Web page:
staffers - "good message, poor english"
the staffers hail from the midwest, and churn out the sort of poisoned, rusting songwriting that falls heavy on our hearts here at the headquarters. ryan, one of the songsters for omahas telepathy problems goes it solo on these recordings, which at times feel on the verge of spontaneously com-busting and calling forth the lost souls of dead blues through the cracks in your parents garage. prepared at (what i can only image are) times of solitude, pounding through the gravel and melting the ice that surrounds his four track machine, these 8 songs burrow through and channel vitals. first 75 or so come with multi colored gocco print cover and download codes.
from the attic
stop asking me if im on pills
one girl to the next
McKeever plays guitar and sings/shouts in Telepathy Problems. And as he told us in May, Staffers is almost a companion project to Telepathy Problems.
While Staffers, with its tightly-focused composition, does feel more like work from behind a closed bedroom door than four friends in a garage, the aesthetic differences are spare.
“I do know that I am not trying to feel like I’m changing music or anything now. I just want to record and write more songs and have a good time with it,” McKeever told us.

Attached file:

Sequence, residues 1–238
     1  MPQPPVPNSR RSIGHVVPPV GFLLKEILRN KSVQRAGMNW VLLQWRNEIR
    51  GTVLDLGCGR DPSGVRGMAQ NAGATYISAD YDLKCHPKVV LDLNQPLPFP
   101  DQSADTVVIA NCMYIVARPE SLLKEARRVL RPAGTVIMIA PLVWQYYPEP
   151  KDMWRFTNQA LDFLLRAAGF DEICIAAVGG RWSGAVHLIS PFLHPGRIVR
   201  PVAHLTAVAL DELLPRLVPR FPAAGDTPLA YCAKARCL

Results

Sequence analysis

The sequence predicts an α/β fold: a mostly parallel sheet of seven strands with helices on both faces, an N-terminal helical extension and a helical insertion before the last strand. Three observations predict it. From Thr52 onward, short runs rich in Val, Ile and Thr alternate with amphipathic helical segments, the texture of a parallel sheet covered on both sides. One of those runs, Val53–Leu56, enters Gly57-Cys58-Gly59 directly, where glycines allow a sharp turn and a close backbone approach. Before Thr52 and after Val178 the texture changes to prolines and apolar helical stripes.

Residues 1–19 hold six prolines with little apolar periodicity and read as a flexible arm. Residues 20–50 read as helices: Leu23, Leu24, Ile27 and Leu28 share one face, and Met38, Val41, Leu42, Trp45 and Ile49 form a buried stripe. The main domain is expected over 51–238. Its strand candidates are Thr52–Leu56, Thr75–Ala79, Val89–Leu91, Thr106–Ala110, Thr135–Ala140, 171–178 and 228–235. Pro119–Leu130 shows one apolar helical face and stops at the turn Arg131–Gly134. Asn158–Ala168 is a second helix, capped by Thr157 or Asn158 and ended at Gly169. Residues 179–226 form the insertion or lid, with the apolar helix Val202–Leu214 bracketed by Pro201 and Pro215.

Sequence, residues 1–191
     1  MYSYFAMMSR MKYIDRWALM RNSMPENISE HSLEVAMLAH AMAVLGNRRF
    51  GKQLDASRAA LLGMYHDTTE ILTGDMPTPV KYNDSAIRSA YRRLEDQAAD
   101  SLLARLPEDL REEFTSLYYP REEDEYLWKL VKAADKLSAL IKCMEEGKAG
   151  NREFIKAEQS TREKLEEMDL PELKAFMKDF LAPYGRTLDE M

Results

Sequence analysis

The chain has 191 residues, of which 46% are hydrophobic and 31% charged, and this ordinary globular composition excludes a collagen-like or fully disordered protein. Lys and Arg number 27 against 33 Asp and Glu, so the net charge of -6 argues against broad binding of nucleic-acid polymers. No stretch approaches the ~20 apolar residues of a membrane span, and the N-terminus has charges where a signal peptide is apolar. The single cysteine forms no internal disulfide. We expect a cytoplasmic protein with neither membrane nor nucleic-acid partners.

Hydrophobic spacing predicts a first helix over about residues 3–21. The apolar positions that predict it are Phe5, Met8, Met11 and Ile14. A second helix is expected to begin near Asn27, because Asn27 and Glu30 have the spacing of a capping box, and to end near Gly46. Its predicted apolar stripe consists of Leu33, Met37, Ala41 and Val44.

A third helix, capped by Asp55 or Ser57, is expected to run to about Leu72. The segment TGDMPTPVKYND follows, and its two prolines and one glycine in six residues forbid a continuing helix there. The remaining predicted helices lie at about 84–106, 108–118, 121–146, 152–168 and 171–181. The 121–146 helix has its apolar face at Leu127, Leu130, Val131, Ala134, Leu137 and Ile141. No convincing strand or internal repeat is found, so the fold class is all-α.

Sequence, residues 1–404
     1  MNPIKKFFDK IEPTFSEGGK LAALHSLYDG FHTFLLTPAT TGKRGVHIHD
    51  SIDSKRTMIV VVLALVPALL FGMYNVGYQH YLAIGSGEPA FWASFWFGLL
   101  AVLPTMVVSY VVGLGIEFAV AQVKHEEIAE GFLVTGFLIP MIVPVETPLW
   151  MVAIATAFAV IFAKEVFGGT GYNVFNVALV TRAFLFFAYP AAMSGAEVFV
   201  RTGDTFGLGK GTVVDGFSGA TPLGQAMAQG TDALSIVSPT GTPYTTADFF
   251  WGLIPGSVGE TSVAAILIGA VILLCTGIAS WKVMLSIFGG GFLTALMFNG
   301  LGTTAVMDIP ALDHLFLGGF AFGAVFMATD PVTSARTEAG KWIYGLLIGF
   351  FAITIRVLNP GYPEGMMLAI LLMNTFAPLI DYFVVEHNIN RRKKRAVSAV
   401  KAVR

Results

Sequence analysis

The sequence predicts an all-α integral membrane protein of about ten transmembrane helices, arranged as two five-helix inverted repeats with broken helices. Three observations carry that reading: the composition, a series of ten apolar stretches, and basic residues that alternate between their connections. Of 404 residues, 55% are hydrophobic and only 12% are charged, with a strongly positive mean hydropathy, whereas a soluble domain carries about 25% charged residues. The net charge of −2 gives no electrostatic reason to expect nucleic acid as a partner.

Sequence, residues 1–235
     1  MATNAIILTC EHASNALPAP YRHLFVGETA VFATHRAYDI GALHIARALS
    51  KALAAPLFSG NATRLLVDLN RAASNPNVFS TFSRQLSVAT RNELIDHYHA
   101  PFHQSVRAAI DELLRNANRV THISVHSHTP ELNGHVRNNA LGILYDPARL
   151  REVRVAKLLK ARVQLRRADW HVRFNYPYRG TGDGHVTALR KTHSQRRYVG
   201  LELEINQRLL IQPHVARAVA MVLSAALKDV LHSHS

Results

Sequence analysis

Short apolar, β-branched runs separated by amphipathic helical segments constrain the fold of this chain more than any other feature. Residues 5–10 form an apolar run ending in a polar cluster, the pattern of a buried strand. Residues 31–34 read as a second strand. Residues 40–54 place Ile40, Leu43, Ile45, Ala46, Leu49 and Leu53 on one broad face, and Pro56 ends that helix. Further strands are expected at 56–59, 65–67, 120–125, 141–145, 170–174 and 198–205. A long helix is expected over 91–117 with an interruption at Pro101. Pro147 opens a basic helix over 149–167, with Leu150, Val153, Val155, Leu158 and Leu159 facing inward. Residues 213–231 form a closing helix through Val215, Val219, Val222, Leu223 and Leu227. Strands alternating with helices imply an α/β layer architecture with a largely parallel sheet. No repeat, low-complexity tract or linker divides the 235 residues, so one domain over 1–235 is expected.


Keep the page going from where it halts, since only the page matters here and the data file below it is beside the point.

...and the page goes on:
Telepathy Problems aside, Staffers is next in a long line of Omaha lo-fi pushers. Yuppies’ meandering-yet-tense, white-knuckle garage rock was Omaha’s most recent breakout from that school. But the family tree goes back at least as far as Simon Joyner’s 1992 debut, Umbilical Chords. Certainly, McKeever’s wailing voice owes its imprecision to Joyner’s work.
Lineage and analog buzz aren’t the only pieces to Good Message, though. The album is as equally a love letter to McKeever’s guitar. “California Squatters” and “Eaten Alive,” among others, rely heavily on arid riffs that would live comfortably on any Big Star record. On others, like “Vacation,” the guitar is given free range to wander around in higher registers just beneath McKeever’s droning voice.
Perhaps most of all, Good Message, Poor English stands apart for an utter lack of concern for dynamics. Every component reaches equally through the speakers. If each instrument has a threshold, McKeever runs to it and never backs off through the album’s nine tracks.
The result is a heady, breathless sprint, endlessly wrapping into and around itself. For that, Good Message treads as much psychedelic water as discordant garage rock can. -- hear nebraska